It’s just une petite hop across the channel, but promises a wealth of vintage and antique finds that come with a distinctive sense of romance and timeless appeal. Vintiquing in France has never been more popular, and increasing numbers of Francophile’s are snapping up pieces with unique Gallic charm at a bargain prix.
We say a cheery “Salut!” to two experienced buyers who show us how to navigate the country’s fertile brocantes, flea markets and vide-greniers.
Since moving from the Pacific Northwest of the USA to Basse Normandie in northern France, American writer, photographer and vintage seller, Cat Bude (below right), has combined her three passions. “I opened my online vintage shop, www.SundayBrocantes.com in Spring 2011, specialising in rustic, simple and charming French vintage and antiques.”
She admits that her business is also a great excuse to explore the region’s many countryside brocantes and flea markets, while snapping pictures of her finds and writing about them in her blog. Along with her husband, Cat also creates and hosts vintage shopping tours in Paris and Normandy for vintage lovers and those in the trade.
So, why is France such a vintiquing hotspot? “French vintage style is timeless and mixes in well with all types of décor from classic to modern and there are so many types of markets and places to find vintage items all over France at a variety of price points.”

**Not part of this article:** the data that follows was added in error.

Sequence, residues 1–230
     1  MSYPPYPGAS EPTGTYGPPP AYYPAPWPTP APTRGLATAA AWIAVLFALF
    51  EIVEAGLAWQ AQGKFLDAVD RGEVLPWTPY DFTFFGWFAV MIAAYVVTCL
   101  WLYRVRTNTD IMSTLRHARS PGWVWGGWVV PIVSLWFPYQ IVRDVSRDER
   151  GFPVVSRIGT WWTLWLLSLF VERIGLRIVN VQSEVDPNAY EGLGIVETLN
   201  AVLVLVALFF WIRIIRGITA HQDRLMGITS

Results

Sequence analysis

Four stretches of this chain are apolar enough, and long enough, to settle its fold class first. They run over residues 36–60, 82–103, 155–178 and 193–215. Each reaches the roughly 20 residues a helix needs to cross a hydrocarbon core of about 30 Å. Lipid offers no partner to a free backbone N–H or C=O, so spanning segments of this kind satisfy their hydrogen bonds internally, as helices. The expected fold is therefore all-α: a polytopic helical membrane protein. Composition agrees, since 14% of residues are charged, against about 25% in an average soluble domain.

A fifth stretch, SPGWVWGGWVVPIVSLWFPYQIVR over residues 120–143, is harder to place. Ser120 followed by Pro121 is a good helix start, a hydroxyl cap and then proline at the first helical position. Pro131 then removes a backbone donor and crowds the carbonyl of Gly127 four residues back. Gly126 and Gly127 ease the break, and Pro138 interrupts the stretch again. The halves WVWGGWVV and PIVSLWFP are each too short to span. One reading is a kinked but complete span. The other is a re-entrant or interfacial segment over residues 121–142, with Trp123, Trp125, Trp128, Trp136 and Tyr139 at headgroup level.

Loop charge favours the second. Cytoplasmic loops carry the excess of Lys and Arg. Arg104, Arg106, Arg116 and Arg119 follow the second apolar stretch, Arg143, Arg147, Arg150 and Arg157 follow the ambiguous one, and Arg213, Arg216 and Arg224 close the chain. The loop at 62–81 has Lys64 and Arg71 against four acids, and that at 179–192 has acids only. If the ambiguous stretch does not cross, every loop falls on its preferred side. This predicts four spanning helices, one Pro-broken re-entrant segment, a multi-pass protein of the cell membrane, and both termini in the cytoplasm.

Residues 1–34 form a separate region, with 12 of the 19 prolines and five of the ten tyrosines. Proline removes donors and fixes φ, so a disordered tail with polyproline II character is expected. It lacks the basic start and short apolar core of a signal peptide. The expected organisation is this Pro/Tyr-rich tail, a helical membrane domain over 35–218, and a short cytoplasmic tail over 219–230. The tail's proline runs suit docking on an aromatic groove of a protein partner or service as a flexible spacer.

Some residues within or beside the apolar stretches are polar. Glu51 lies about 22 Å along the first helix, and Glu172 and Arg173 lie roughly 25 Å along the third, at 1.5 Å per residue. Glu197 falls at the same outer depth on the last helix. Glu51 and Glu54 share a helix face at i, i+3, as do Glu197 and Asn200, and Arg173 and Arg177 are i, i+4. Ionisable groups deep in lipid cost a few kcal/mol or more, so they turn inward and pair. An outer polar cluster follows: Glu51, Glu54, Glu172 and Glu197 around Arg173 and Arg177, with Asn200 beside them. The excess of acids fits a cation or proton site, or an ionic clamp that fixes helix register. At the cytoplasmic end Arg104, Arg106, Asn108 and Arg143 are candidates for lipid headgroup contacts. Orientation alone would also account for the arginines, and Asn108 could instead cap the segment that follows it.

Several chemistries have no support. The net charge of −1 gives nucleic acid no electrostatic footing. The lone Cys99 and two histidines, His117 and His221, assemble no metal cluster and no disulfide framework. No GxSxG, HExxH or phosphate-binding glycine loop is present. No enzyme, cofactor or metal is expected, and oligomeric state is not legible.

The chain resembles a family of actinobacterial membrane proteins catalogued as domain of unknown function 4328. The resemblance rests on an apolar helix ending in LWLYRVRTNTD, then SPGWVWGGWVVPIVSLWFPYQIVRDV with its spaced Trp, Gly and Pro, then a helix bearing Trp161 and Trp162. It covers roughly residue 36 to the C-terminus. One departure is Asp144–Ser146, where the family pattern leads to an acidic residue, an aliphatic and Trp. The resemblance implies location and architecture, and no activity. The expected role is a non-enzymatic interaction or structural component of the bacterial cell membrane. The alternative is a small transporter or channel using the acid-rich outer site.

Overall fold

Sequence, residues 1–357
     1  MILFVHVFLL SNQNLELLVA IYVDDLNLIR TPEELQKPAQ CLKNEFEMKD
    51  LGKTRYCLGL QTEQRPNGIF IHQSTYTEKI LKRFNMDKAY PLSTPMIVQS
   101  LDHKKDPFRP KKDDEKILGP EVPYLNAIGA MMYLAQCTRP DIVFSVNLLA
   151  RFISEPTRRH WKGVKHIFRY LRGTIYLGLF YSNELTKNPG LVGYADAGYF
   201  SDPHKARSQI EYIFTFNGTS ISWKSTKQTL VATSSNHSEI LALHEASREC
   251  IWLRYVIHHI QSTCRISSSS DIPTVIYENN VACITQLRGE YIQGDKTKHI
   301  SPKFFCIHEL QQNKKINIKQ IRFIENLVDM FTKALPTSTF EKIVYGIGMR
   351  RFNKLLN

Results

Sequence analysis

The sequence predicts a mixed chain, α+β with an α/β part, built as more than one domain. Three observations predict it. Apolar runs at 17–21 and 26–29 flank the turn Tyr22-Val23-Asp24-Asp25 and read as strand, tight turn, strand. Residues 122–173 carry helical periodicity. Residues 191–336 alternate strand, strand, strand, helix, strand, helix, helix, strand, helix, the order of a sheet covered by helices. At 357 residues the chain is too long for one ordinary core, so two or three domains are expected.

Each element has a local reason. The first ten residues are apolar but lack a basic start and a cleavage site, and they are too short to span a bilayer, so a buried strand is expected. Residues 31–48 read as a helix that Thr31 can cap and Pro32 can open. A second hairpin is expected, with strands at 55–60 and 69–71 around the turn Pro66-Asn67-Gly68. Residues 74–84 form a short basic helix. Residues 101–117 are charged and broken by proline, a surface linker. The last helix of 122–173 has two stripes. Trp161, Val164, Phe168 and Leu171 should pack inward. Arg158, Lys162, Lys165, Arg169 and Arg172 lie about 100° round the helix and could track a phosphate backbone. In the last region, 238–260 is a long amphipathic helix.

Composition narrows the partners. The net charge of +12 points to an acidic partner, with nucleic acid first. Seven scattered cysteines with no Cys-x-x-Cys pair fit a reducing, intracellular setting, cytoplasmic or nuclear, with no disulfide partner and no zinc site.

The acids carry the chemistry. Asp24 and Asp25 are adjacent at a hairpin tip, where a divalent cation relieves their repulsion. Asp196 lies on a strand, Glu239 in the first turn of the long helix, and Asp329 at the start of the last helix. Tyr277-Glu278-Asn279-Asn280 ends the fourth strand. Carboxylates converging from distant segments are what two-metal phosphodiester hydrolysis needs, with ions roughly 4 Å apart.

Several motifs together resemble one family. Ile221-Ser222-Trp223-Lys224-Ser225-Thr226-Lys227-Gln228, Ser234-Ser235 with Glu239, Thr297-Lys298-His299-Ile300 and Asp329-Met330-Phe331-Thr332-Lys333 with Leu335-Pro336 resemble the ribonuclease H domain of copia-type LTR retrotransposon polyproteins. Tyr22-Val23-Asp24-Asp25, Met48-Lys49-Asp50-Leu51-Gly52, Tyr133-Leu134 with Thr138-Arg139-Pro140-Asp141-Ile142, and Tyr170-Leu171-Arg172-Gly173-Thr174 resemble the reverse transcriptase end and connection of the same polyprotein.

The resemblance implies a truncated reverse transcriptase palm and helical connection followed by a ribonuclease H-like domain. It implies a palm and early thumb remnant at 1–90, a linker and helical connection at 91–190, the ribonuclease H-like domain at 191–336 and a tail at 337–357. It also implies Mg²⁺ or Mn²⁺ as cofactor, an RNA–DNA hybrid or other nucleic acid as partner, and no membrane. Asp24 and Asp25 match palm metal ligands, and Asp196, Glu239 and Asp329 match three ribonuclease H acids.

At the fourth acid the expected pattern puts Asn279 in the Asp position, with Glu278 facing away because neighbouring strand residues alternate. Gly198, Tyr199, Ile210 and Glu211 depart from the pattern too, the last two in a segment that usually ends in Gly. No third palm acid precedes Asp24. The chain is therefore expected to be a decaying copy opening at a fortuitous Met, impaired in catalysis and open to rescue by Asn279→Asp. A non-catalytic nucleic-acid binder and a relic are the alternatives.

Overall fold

Brighton-based ex-barrister, Rachel Baker (left) agrees. As the owner ofThe Applebird House, specialists in upcycling and transforming older statement pieces for the home, she is a regular channel-hopping bargain hunter. “It’s 30 minutes through the “chunnel” and a country full of the old, beautiful and unique items is yours to explore. The French love to reuse, repair and retain, so even the unlikeliest street market can reveal treasures such as antique furniture, Parisian vintage fashion and quirky glassware.”
Sounds très facile, so where are the best places to get started? Rachel advises, “A great place to start is http://www.brocabrac.fr (but, be warned, it’s in French – Prelovers) which lists all of the markets throughout the year.”
She says that the brocantes (a mixture of an antique fair and carboot sale) are a national passion in France. “Villages hold them regularly during the peak March to October season. Also popular in summer are vide-gerniers where people clear out the attic of the family farmhouse revealing treasures galore.”
For real bargain hunters, Cat says, “I love the summer sales known as ‘vide-grenier’ or ‘foires à tout’ which are more casual, anything goes type sales that are usually quite large. You might have to sift through lots of common items to find a treasure, but when you do the prices are outstanding.”
She says that any weekend in July the countryside is packed with brocantes and regional outdoor sales. “You could easily visit a dozen over the weekend, all within a 10-30 minute drive.”
During the ‘off season’, Cat suggests visiting the brocante ‘depots’ and warehouses. “These are normally filled from floor to ceiling with all types of vintage and antique décor pieces, furnishings, art and household items.”
With such a feast of riches, which key items does the pair keep their eyes peeled for in the hope of spotting?